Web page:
Many, myself admittedly included, gave Dillashaw the proverbial snowball's chance in hell of beating Barao and his nigh unbeaten streak.

That being said, if you do something long enough against the best of the best, you may just very well falter.

That being said, the countdown video's are below.

The Full Card from
"T.J. Dillashaw vs. Renan Barao
for bantamweight title
preliminary CARD
UFC Fight Pass, 7:30 p.m. ET

Judo World Championships 2014 - Highlights from Day 1 and Day 2

Tuesday, August 26, 2014

World Jiu-Jitsu Expo Adds Caio Terra vs Jeff Curran

      World Jiu-Jitsu Expo adds another superfight: Caio Terra vs MMA veteran Jeff Curran. Oddly enough, it's in the Gi. I find it hard to believe it will go the 15 minute distance/time limit but stranger things have happened.

Other announced superfights include: "Five superfights are also already confirmed – Gianni Grippo vs. Augusto Tanquinho, Nino Schembri vs. Vitor Shaolin, Robson Moura vs. Marcos Parrumpinha, Tim Spriggs vs. Leo Nogueira,  João Assis vs. Rolles Gracie (no-gi)."



Thursday, August 21, 2014

Bishop BJJ Deconstructs Gianni Grippo

Grippo has come on the scene at black belt in the past year. Bishop BJJ breaks down his game: passes, sweeps, positions, and submission focus over in the following post.

It's interesting to begin to see data and analysis in Jiu-Jitsu. For a long time, in Judo, there's been publication of data about the winning throws, % of matches won by weight class with pin or throw, strangle or armlock, and it's refreshing to see that imported into sport Jiu-Jitsu.

Without further ado, read the Bishop BJJ Post HERE.
Gianni Grippo's blog with insight and frank truth about what his life as a high level competitor entails (complete with doubt, struggles, setback, and triumph.


Tuesday, August 19, 2014

What I'm.....Listening to, Reading, Watching.....

Excited to compete and referee and support my teammates this weekend at US Grappling Virginia Beach.
 Found this through BJJ News, it's the Podcast over at Bishop BJJ (they have some awesome stuff on their site in general) - Features one of the founders of Metamoris, then Travis Stevens offers some sobering truth about BJJ sponsorship versus the IOC/USA Judo money available in Judo (though to hear Rousey say it, the money isn't really for the athletes either).

Osvaldo Queixinho Moizinho, instructor at Caio Terra's school, has been confirmed from the IBJJ Pro League coming up in October.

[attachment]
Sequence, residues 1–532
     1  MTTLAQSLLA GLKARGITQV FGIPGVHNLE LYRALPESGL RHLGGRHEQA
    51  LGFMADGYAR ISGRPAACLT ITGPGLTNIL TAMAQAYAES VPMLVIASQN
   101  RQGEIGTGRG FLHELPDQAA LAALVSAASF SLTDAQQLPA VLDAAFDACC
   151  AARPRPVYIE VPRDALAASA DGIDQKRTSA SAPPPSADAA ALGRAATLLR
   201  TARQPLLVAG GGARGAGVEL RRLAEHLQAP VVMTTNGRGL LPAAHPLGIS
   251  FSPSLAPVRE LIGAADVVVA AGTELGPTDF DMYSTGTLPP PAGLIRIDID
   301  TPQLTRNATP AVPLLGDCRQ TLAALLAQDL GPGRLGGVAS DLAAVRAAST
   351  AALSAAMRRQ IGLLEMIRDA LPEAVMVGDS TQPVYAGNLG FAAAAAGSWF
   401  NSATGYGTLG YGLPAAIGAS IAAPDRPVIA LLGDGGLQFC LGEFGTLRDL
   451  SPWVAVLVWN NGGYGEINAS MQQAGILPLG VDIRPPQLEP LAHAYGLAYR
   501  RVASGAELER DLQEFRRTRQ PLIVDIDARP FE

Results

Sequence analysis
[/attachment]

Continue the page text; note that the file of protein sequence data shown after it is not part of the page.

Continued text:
In the event you weren't aware, Gary Tonon is some kind of NoGi Grappling wizard with some truly unique parts to his game and very clearly a man who looks to finish as he does not necessarily ascribe to the hierarchy of positions mindset but rather gets to places where he can finish and do so quickly. Watch the BJJ Scout breakdown below to see what I mean. Bananas.




Monday, August 18, 2014

All the UFC's This Weekend!: UFC Fight Night 48: Bisping vs Le, UFC Fight Night 49: Henderson vs Ros Anjos - Picks and Prognostications

This weekend shall be busy.
I work my side job Friday night until 2am; supervising adults who don't always act like adults while they socialize and perform the inebriated version of the mating dance. Then I wake up and head to Virginia Beach for US Grappling's all day affair there.

If you're a purple belt featherweight, come compete!
US Grappling is hands down one of the best tournament experiences I continually have as a competitor.

I'll be refereeing as well.

That night, I'm taking a rare night off from my side job and will be enjoying UFC Fight Night 49: Benson Henderson vs Rafael Dos Anjos. That morning, however, from Macau, there will be UFC Fight Night 48: Bisping vs Le with a full card of fights as well (though the names you'll recognize prove sparse indeed).
There's some interesting climbing the ladder or go to the back of the line type stuff occurring throughout the day.
Bisping comes back from an injury layoff and Le gets a real fight, not just a crowd pleaser type one for us to see his wild kicks and such.

Onto the picks and prognostications!